Water moderates temperature changes within organisms and in their environments. Warm blooded animals use water to more evenly disperse heat in their bodies: it acts in a similar manner to a car’s cooling system, transporting heat from warm places to cool places, causing the body to maintain a more even temperature. As energy input continues, the balance between hydrogen bond formation and destruction swings toward the destruction side. More bonds are broken than are formed. This process results in the release of individual water molecules at the surface of the liquid (such as a body of water, the leaves of a plant, or the skin of an organism) in a process called evaporation. Evaporation of sweat, which is 90 percent water, allows for cooling of an organism, because breaking hydrogen bonds requires an input of energy and takes heat away from the body.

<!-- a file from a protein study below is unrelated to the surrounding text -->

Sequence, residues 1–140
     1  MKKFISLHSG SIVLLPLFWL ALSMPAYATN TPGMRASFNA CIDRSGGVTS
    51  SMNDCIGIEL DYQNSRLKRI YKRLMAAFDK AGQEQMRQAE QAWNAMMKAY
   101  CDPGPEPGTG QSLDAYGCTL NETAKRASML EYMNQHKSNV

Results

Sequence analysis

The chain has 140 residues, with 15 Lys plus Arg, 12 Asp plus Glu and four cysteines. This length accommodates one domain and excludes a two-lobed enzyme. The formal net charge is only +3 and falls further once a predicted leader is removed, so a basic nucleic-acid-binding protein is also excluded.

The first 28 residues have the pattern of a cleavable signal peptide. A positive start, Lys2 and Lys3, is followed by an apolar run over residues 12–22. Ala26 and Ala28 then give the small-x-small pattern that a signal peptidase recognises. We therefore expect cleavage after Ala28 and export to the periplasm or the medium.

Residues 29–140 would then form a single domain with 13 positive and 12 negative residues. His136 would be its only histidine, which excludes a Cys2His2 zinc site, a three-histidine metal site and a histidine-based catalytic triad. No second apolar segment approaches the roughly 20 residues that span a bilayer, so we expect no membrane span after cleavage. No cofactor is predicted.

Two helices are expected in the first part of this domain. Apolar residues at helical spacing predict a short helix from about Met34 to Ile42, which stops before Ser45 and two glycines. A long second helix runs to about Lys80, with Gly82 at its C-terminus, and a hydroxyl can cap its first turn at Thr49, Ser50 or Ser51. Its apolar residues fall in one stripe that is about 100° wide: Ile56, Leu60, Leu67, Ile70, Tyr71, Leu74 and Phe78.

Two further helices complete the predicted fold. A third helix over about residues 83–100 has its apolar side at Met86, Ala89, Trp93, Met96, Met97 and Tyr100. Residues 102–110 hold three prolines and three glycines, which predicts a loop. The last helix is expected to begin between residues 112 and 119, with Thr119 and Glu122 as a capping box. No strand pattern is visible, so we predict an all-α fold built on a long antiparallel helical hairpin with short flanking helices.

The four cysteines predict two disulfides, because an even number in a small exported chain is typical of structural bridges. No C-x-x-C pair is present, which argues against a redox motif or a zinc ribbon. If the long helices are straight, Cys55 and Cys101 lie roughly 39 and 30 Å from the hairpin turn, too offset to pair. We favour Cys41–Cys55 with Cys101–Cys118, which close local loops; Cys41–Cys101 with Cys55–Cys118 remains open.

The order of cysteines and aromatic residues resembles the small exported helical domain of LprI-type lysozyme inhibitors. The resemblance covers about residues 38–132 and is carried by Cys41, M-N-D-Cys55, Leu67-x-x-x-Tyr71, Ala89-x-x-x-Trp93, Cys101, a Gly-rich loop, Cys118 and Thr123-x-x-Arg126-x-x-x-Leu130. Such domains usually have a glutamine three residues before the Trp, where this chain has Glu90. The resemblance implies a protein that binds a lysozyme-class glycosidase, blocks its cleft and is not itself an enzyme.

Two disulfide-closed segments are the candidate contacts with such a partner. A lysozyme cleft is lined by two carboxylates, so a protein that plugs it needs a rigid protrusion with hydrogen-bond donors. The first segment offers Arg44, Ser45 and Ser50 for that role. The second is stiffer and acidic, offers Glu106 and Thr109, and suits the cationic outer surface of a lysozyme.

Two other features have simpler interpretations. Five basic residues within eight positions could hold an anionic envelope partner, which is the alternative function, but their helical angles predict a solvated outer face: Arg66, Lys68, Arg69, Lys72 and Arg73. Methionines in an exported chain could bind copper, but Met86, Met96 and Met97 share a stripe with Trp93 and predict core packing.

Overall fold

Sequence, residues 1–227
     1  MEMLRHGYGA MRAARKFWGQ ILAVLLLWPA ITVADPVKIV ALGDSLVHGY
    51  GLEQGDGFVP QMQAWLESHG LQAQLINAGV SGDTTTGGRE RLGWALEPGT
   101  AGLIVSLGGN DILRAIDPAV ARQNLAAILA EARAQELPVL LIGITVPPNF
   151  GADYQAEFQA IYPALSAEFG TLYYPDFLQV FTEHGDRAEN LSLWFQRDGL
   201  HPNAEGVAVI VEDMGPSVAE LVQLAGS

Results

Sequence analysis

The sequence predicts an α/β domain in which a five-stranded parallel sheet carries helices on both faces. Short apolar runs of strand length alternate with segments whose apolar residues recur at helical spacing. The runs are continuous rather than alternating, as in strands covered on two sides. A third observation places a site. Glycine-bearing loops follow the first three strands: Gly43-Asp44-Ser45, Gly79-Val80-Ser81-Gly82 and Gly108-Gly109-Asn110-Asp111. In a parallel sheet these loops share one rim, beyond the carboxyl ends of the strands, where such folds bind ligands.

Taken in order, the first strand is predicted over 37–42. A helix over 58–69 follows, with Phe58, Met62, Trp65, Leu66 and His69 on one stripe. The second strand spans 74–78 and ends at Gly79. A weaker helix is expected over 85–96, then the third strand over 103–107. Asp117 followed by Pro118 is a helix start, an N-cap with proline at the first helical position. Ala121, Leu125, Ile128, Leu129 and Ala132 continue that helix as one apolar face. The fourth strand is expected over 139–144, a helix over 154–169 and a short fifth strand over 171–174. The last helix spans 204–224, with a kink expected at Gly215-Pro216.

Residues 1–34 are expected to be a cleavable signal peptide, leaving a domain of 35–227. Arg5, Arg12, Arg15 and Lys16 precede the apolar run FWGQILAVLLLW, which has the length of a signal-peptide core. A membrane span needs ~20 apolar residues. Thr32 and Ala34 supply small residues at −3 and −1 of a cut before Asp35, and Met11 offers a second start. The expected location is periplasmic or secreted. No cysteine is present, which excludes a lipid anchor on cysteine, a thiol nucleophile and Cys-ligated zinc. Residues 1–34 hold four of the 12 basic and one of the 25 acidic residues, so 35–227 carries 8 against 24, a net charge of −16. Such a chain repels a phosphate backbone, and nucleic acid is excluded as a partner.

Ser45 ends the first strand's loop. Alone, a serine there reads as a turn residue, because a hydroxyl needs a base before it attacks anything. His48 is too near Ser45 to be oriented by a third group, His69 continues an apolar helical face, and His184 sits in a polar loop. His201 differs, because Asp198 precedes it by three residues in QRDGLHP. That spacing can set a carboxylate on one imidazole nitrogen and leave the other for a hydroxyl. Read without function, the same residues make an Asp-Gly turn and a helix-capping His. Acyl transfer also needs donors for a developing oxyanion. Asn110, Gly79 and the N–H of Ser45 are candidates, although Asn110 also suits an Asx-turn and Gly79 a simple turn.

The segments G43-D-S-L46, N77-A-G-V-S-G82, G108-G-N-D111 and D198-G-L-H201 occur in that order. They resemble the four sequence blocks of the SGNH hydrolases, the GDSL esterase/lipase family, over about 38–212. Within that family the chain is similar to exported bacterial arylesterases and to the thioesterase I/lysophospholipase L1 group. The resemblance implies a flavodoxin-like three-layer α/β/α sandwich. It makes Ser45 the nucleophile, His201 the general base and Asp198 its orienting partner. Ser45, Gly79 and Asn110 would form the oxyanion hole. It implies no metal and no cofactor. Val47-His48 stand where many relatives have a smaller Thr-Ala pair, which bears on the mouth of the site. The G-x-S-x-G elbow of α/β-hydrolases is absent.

Water Is an Excellent Solvent

Because water is polar, with slight positive and negative charges, ionic compounds and polar molecules can readily dissolve in it. Water is, therefore, what is referred to as a solvent—a substance capable of dissolving another substance. The charged particles will form hydrogen bonds with a surrounding layer of water molecules. This is referred to as a sphere of hydration and serves to keep the particles separated or dispersed in the water. In the case of table salt (NaCl) mixed in water, the sodium and chloride ions separate, or dissociate, in the water, and spheres of hydration are formed around the ions (Figure 2.16). A positively charged sodium ion is surrounded by the partially negative charges of oxygen atoms in water molecules. A negatively charged chloride ion is surrounded by the partially positive charges of hydrogen atoms in water molecules. These spheres of hydration are also referred to as hydration shells. The polarity of the water molecule makes it an effective solvent and is important in its many roles in living systems.